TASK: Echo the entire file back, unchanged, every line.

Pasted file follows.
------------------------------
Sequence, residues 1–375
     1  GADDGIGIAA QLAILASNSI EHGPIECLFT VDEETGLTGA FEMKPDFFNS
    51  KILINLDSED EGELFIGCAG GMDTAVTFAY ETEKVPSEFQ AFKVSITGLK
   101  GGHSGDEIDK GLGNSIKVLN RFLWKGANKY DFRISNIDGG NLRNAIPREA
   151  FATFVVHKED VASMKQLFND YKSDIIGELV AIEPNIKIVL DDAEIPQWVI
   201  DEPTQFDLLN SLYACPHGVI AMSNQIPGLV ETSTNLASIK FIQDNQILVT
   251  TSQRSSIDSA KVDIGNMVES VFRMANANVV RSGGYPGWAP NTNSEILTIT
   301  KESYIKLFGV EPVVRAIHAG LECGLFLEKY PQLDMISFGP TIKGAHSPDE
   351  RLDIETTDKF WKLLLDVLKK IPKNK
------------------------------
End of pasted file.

Sequence, residues 1–375
     1  GADDGIGIAA QLAILASNSI EHGPIECLFT VDEETGLTGA FEMKPDFFNS
    51  KILINLDSED EGELFIGCAG GMDTAVTFAY ETEKVPSEFQ AFKVSITGLK
   101  GGHSGDEIDK GLGNSIKVLN RFLWKGANKY DFRISNIDGG NLRNAIPREA
   151  FATFVVHKED VASMKQLFND YKSDIIGELV AIEPNIKIVL DDAEIPQWVI
   201  DEPTQFDLLN SLYACPHGVI AMSNQIPGLV ETSTNLASIK FIQDNQILVT
   251  TSQRSSIDSA KVDIGNMVES VFRMANANVV RSGGYPGWAP NTNSEILTIT
   301  KESYIKLFGV EPVVRAIHAG LECGLFLEKY PQLDMISFGP TIKGAHSPDE
   351  RLDIETTDKF WKLLLDVLKK IPKNK